Four councillors and members of the public put up a valiant effort to try to stop the 2021 budget from passing at a marathon council meeting May 10 but it was approved in a 5-4 vote, as were second and third reading of the levy bylaw, which establishes the property tax mill rates.
Discussion of the budget began early in the almost three-hour meeting, when the floor was opened for comments from the public.
“I am 100 per cent against the budget,” said Robert Chuckrey.
Wayne Skwarchuk, who has lived in Thompson for 53 years and is now retired, said constant tax increases have him questioning his plan to stay in the city for the rest of his life.
“I already have to give up one of my 12 cheques to pay my taxes, not including the water bills and everything that went up. When are you people going to get a hold of your spending and stop raising my taxes so that I can afford to die here in the place that I love?”
Deputy mayor Duncan Wong, who chaired the finance committee since last November, but resigned that position near the conclusion of Monday’s meeting, and councillors Les Ellsworth, Earl Colbourne and Jeff Fountain voted against the 2021 financial plan, which will see residential mill rates increase by about two per cent and commercial mill rates by 1.64 per cent and total planned expenditures of about $41 million, well above the $31.5 million that the city actually spent in 2020, which was lower than the projected budget of $34 million.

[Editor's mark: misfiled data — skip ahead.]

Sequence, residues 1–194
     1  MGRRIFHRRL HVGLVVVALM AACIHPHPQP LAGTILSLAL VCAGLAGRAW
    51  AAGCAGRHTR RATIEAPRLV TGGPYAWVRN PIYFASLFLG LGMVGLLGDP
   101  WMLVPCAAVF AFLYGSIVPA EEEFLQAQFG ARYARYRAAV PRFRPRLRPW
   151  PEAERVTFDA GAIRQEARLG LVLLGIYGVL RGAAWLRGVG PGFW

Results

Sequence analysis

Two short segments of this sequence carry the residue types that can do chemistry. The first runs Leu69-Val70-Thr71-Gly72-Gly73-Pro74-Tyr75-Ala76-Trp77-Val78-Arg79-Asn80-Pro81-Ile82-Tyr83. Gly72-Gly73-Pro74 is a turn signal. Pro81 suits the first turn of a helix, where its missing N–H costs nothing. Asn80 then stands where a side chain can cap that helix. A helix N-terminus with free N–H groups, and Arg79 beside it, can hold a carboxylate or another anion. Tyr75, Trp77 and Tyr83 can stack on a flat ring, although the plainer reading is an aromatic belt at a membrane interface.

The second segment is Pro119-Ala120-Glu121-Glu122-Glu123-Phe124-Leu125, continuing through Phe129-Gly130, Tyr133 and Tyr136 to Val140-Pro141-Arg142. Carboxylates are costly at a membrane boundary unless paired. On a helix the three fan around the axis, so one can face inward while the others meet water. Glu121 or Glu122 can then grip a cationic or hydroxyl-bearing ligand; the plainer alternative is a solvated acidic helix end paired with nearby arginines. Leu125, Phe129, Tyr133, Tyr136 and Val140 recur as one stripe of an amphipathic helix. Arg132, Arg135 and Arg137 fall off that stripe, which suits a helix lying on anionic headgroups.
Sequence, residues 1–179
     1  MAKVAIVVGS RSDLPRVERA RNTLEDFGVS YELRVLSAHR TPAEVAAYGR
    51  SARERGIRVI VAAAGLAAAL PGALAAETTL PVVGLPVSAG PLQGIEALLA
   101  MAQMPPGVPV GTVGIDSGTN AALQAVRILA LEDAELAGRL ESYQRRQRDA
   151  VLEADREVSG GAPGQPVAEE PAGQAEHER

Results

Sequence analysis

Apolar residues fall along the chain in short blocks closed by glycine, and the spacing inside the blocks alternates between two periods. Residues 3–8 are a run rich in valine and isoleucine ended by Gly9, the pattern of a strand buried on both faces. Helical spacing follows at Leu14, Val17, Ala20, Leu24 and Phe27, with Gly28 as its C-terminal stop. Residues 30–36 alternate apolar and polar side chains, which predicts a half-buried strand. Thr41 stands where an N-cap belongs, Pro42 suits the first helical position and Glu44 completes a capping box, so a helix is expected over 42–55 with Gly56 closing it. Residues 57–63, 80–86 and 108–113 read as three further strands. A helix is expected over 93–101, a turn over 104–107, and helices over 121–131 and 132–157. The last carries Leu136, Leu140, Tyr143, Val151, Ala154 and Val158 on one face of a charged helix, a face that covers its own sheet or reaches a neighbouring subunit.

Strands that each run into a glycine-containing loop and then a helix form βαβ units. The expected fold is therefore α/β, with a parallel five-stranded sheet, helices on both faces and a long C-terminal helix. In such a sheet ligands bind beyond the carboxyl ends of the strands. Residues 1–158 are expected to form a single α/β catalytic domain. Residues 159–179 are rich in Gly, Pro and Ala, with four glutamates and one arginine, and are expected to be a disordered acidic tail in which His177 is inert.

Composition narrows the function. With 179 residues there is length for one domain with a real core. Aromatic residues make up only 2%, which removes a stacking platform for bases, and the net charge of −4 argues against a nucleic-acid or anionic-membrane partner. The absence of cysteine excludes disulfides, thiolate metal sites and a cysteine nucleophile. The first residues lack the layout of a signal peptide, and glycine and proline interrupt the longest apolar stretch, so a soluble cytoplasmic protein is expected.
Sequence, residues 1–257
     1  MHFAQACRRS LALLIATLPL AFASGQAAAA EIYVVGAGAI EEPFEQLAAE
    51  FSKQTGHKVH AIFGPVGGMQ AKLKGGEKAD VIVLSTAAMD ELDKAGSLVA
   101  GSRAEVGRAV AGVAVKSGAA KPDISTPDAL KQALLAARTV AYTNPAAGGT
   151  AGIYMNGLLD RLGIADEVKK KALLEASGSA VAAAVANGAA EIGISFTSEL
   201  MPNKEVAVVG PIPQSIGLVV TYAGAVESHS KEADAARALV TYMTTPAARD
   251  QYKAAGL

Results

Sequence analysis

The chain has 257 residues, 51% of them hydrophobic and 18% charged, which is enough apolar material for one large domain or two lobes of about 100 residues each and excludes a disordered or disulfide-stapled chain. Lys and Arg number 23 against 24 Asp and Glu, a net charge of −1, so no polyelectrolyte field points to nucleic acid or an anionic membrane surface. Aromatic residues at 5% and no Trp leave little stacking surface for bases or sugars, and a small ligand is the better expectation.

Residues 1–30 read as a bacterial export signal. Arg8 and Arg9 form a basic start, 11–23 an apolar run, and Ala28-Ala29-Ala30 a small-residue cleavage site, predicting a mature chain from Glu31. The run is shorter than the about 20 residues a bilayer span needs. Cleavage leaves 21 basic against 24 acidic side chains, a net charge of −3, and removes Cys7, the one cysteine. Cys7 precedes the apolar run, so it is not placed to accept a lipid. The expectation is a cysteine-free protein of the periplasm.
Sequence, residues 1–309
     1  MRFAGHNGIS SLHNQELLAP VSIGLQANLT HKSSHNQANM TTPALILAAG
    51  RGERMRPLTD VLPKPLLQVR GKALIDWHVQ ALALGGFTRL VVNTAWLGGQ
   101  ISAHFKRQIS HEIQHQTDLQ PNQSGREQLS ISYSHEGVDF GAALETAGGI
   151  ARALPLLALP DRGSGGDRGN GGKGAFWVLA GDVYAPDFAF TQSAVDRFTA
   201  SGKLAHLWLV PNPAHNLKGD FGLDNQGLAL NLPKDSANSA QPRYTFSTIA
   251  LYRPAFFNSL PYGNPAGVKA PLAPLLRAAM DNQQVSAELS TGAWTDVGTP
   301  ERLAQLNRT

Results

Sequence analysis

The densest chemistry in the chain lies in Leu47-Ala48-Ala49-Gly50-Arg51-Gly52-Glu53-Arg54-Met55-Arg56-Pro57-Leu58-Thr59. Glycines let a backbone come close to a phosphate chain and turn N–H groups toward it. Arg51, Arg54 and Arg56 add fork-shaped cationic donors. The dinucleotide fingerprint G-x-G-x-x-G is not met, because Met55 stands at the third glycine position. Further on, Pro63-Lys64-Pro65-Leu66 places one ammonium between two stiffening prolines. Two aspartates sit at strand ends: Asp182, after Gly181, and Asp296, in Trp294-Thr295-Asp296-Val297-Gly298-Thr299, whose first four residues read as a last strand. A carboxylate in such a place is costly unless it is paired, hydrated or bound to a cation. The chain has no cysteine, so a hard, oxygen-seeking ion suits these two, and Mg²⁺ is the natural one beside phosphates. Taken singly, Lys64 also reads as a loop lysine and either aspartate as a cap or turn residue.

“I think we should listen to the taxpayers on the budget,” said Wong, noting that the total budget was $27.6 million when he was first elected to council in 2014, about two-thirds of this year’s projected spending. “The city’s spending more than we can afford. To me this budget is wasteful, careless, reckless, out-of-reach, no accountability and wrong-time spending.”
Saying he felt that city administration had told council what to do when it came to the budget, rather than the opposite, Ellsworth said he was voting against it even though it was difficult for him to do so.
“I don’t think it’s good for the taxpayers,” he said.
A major issue among the councillors opposed to the budget was the city raising property taxes instead of using some of the $818,000 in COVID relief funds it received from the federal government to keep taxes at 2020 levels.
“We’re stuck in this rut of spending, spending, spending where we should instead be trying to run this place efficiently,” said Colbourne. “If you vote for this, God help you in the next election.”
The city said in a press release after the financial plan was presented to the public April 29 that property taxes were bring increased in an effort to qualify for federal-provincial funding for road, water and sewer work. Though they are still pending approval, these grants could see the city complete $5.7 million of road work while spending less than $1 million of its own money, and $6.8 million of water and sewer work while contributing $1.8 million.
Councillors who voted in favour of the financial plan and levy bylaw said the opportunity to leverage additional money made increasing property taxes a shrewd move.
“You can’t pass up somebody giving you three to five dollars on your dollar,” said Coun. Kathy Valentino, who supported the financial plan and both readings of the levy bylaw along with Mayor Colleen Smook and councillors Andre Proulx, Brian Lundmark and Braden McMurdo.
Valentino added that using one-time money, like the COVID relief funds, to pay for operating expenses is not advisable.